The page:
Collector uses coins to study history

September 22, 1993|By Amy P. Ingram | Amy P. Ingram,Contributing Writer

To Robert Powell, it's "one of the most beautiful coins in the world" -- the Walking Liberty half-dollar, minted from 1916 to 1947, featuring Lady Liberty with flowing gown and flaming torch.

All he needs is a 1917-D -- the D means it was minted in Denver -- and his collection of the coins will be complete. But not to worry -- "Captain Bob" will still have plenty of numismatic worlds to conquer.

Mr. Powell, 67, a retired Naval Academy professor, has been collecting coins for 30 years. His collection, worth an estimated $100,000, has provided a unique view of history, he said, unlike that given in a history class.

"I'm interested in learning history through beauty and symbols. It gives me a perspective on how things relate and how they came about," he said, "like why the coin changed from copper to silver and back again." Uncovering why, he said, can reveal more about history than any textbook.

His oldest coin, the Athenian Silver Owl, minted 500 years before Christ, commemorated the victory of the Athenians over the Persians at Marathon.

Mr. Powell, a member of the American Numismatic Association, is also a former president and active member of the Colonial Coin Club of Annapolis. He joined the club in 1987 because he wanted to "share and trade history with friends."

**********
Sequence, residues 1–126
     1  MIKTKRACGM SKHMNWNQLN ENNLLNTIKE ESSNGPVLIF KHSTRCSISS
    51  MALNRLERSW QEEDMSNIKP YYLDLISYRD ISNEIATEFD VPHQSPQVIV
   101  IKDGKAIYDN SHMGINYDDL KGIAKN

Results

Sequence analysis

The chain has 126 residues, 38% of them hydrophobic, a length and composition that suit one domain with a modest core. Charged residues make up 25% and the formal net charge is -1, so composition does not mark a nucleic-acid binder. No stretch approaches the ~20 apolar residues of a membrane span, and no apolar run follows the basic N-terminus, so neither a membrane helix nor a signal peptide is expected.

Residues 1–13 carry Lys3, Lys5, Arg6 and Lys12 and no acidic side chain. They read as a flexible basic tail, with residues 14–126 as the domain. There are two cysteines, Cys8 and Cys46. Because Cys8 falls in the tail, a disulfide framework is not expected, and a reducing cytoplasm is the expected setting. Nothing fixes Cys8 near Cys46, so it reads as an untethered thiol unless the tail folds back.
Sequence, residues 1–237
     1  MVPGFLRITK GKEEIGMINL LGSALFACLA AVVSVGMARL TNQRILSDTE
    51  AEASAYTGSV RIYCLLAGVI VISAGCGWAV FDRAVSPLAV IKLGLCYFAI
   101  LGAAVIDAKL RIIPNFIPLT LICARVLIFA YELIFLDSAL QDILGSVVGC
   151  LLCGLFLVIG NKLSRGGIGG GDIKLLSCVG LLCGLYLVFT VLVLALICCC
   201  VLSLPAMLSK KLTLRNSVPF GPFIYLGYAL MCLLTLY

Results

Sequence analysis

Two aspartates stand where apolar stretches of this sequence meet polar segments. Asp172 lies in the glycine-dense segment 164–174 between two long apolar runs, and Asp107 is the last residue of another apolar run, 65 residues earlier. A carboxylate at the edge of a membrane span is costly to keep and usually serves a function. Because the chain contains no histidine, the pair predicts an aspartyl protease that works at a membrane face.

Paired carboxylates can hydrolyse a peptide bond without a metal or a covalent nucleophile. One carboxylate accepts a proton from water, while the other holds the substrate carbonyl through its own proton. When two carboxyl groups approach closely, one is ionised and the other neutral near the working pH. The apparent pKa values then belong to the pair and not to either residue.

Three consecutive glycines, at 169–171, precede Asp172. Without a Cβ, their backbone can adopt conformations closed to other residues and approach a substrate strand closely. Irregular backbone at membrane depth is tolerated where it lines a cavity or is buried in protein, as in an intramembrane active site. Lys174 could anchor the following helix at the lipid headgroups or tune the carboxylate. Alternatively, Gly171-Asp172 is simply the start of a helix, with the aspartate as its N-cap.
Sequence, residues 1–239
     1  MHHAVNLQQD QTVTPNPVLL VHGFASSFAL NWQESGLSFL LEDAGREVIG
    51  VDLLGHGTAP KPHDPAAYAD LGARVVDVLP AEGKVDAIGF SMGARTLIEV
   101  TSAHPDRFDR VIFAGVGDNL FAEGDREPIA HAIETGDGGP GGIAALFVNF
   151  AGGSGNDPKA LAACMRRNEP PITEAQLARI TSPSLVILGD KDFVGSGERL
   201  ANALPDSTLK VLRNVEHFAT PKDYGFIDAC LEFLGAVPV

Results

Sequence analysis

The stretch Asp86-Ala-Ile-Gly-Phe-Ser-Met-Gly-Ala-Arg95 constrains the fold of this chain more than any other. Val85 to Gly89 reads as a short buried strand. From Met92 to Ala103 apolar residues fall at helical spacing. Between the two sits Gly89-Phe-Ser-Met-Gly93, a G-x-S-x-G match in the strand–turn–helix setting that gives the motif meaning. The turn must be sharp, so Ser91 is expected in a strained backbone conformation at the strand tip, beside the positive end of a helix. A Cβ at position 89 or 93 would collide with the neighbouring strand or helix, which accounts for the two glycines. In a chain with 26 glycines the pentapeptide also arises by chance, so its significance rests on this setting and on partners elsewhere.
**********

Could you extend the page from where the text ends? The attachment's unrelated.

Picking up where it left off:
Many members are seniors, but Mr. Powell hopes to bring the history of coins to children. "I like to teach kids to collect," he said. "It's good to learn to collect things according to priority and classification and to evaluate and study detail. It expands their minds."

Mr. Powell said he plans to donate a portion of his collection to a nonprofit service, club or agency benefiting the youth of Anne Arundel County.

In addition to sharing his coin message with children, Mr. Powell has traveled from Detroit to Germany, lecturing and appraising coins. He has spoken to Rotary Clubs, Boy Scout troops, people from other countries and business executives.

"Many leaders have coin collections," he said. "They seem to have a need to fill the gaps and finish a puzzle. And they have the money to do it."

But he stresses that people don't have to be rich to appreciate the beauty of a coin. His favorite is the U.S. Bicentennial quarter. "I give this quarter as a gift, to children, to everyone," he said.

Mr. Powell encourages seniors who, like himself, are "retired and aging," to use their free time to adopt a new hobby -- like coin collecting.

"As I see my mind and body deteriorate, I see my need for this kind of distraction," he said. "You've got to ask yourself, as a senior looking back at life, 'How do I appreciate the stories of history and how do I interpret the periods of our lives?' "

For more information on the Colonial Coin Club, which meets every second and fourth Monday at the Annapolis Public Library on West Street, phone 956-4570.

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